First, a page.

19. I can’t seem to change the system default UI language to change. Is that something that can’t be done automatically?

    Here is an export of the system information:

    C:\WINDOWS\system32>dism /online /get-intl

    Deployment Image Servicing and Management tool
    Version: 10.0.18362.1379

    Image Version: 10.0.18363.1556

    Reporting online international settings.

    Default system UI language : en-US
    System locale : es-CL
    Default time zone : Pacific SA Standard Time
    Active keyboard(s) : 340a:0000080a
    Keyboard layered driver : Not installed.

    Installed language(s): en-US
    Type : Fully localized language.
    Installed language(s): es-ES
    Type : Partially localized language, MUI Type.
    Fallback Language en-US

    The operation completed successfully.

    Can’t get the Default System UI language to change to es-CL after imaging through SCCM OSD Task sequence.

    1. Hi Tom, a few questions:
      – What is the language of your ISO media?
      – What language do you see on the system when you log in? Presumably English
      – What LPs and LXPs are you using in your task sequence?
      – What are you setting in the Apply Windows Settings step, or, what OSDWindowsSettings* task sequence variables are you defining?
      Please try to answer all questions. Something which could be tricky here is that Microsoft does not document what the base OS language needs to be for es-CL. It’s not even listed here. In fact, if I download the ISOs for languages, I not see an LXP or LP for es-CL at all, only Spanish and Spanish Mexican.

  20. Hi Adam,
    The language of the ISO media is the US English iso I grab from volume license. In Language settings, the Windows Display Language would show as English (United States), but the preferred languages it would show Espanol (chile), Under the Region section it would show “Chile”, and regional format it would show Spanish (Chile), so the Apply Windows Settings does seem to set most of item under the language sections. I selected Spanish (Chile) or tried Spanish(Argentina) as well but all give same result. It just doesn’t change the Windows UI or system UI to Spanish for some reason. Yeah, it doesn’t provide a es-CL or any sub region like Argentina, Colombia,etc. I’m guessing they are using the es-es in the display language.

  21. Hello, Firstly, thank you vers much for the post that i really appreciate ! Everything was clearly explained.

    I got an issue on the TS when trying to install the LXP using the same command as you.

    I’ve got the following :

    Add-AppxProvisionedPackage : the offline image specifid is the running system. The macro DISM_ONLINE_IMAGE must be used instead.
    I’ve also tryed with dism but it’s not working too.

    Do you have any suggestion ?

    Edit : I think I got this issue because I’m installing the LP, LXP and FOD when I’m already in the Windows 10 system and not inside de Win PE environnement.


  22. Worked perfectly for my bare metal OSD.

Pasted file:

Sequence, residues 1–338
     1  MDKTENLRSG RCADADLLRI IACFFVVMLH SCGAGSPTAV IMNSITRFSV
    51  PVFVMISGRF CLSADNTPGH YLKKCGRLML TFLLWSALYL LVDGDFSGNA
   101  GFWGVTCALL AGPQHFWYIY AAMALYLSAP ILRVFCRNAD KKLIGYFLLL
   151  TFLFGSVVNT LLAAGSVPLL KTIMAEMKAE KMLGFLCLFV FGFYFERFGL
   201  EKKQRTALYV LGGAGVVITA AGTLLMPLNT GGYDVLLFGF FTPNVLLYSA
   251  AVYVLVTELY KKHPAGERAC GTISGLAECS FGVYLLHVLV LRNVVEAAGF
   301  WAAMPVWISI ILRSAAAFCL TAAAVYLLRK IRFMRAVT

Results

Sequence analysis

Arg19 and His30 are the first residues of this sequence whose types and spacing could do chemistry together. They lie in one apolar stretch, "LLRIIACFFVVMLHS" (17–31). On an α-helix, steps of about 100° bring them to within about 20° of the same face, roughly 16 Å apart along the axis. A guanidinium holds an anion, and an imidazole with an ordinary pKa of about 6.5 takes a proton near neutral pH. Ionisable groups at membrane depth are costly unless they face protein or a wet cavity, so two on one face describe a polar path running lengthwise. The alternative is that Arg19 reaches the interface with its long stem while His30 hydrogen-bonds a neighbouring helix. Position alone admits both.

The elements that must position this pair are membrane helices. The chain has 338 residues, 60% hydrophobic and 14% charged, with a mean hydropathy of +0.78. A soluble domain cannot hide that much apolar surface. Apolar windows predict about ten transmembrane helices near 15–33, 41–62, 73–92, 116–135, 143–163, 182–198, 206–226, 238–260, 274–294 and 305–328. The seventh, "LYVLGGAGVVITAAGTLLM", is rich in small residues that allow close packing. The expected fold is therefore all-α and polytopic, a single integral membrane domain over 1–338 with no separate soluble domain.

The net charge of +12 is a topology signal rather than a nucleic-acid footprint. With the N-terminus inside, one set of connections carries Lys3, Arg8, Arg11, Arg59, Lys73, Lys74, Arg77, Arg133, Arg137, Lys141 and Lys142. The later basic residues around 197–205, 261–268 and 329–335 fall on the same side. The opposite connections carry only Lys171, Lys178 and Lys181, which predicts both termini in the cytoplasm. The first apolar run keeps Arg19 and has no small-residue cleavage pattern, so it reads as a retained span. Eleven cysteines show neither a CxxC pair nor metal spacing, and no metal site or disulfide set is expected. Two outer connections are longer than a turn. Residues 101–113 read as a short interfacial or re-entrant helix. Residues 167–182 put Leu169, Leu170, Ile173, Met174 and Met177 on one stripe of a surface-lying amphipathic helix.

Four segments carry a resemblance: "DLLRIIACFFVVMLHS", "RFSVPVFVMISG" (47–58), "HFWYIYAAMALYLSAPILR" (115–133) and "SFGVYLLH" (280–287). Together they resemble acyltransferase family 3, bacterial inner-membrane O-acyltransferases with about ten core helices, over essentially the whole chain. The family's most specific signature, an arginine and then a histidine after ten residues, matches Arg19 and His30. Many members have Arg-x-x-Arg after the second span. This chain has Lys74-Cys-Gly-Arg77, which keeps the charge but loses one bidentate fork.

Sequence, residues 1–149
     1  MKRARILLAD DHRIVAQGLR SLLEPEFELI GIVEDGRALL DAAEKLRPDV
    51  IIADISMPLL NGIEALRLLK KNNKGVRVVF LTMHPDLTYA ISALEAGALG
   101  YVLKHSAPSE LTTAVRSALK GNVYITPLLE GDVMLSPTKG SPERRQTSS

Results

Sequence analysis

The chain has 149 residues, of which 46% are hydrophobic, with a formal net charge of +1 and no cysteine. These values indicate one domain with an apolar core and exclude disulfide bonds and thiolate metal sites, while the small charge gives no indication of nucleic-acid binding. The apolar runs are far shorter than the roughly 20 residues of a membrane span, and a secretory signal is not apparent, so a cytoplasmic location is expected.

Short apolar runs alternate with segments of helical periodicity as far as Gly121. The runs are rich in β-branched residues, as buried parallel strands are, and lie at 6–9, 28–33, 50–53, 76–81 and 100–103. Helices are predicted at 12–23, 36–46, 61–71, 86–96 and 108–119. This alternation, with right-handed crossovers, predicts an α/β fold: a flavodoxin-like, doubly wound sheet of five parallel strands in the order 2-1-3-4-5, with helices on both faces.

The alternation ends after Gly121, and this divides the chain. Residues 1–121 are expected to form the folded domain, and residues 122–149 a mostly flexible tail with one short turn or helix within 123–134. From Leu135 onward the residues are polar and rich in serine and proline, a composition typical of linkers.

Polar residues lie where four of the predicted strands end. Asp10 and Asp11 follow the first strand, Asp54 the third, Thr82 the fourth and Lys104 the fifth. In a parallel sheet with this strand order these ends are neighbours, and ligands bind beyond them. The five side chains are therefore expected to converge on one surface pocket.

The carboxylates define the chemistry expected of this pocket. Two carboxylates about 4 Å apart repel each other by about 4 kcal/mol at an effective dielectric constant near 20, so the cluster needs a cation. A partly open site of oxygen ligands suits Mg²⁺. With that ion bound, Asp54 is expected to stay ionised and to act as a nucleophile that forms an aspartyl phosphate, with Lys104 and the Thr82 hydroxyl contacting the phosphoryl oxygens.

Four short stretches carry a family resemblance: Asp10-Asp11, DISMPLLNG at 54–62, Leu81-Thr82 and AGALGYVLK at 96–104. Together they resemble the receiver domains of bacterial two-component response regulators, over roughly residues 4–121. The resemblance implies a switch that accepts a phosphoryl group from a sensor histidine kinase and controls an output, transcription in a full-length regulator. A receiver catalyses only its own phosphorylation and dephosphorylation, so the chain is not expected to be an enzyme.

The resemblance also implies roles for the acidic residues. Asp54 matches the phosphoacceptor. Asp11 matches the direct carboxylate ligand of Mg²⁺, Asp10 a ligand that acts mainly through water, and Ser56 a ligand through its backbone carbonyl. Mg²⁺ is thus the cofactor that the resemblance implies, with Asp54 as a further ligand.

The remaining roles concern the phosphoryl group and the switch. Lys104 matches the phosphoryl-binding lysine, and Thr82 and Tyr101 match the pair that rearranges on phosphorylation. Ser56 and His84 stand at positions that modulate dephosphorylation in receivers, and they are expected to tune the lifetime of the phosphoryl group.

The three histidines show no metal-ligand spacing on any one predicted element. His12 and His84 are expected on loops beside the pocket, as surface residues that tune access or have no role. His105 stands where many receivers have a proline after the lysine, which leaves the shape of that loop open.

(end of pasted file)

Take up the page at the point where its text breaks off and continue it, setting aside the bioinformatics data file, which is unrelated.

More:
What is the best method for already imaged en-US clients that we want to add a language pack too? Say we want to add Spanish es-ES ‘LP’ and ‘LXP’ to a plain en-US machine, whats the best way to setup a task sequence for that to have available to our users in Software Center?

  23. First of all great article thanks for putting this together. I am having a strange issue with this though. I’m putting together our 20H2 bare metal build and testing it with a hyper-v test VM. When these language steps are included the build will fail to install our Universal print drivers further down the TS due to the print spooler being unable to start. If I launch command prompt during build I can see with sc query that spooler is stopped and if I start it will start then stop again. Without the language steps the print spooler starts normally, the UPDs installs and the build completes successfully. I’m continuing to troubleshoot but I am not understanding the link here!

    1. Hi Rich, thanks for your kind words! That is a bizarre link there, I can’t possibly imagine why there would be a link. Before you said removing the language steps resolves the issue, I was inclined to think maybe patching the OS install media or maybe checking if the device has domain joined at that point and you have a group policy disabling the service (given recent printer spooler CVE antics). Would you be up for exporting your task sequence (without content / packages) so I can take a look at the steps?

      1. Hi Adam, just as a follow up in case other people end up here from a web search. I’ve had a case open with Premier support for some time and it looks like the latest 20H2 isos (June and July 21) from VLSC that include PrintNightmare mitigation are causing issues. As of right now August 21 ISO is not available but I’ve tested with July 21 iso and then serviced with August 21 LCU. I did a lot more testing with this and found that the issue is only when DISM is used to install the client language pack, the FOD and LXP installs don’t affect it. Also there doesn’t even need to be a print driver installation for the spooler to fail, I can press F8 during the build and see the spooler crashing in event viewer from the very first boot at the Setup Windows and ConfigMgr step. It only gets fixed when I log into Windows post-build and either wait some time or then do another reboot and it then fixes itself, remains stable and I can install print drivers. The specific issue seems to be an access/permission violation when the LP is trying to update the Spooler component which ends up breaking it. When I switch to using the 20H2 Nov 20 ISO the LP installs and spooler is OK. I’m just waiting on a permanent solution from MS now!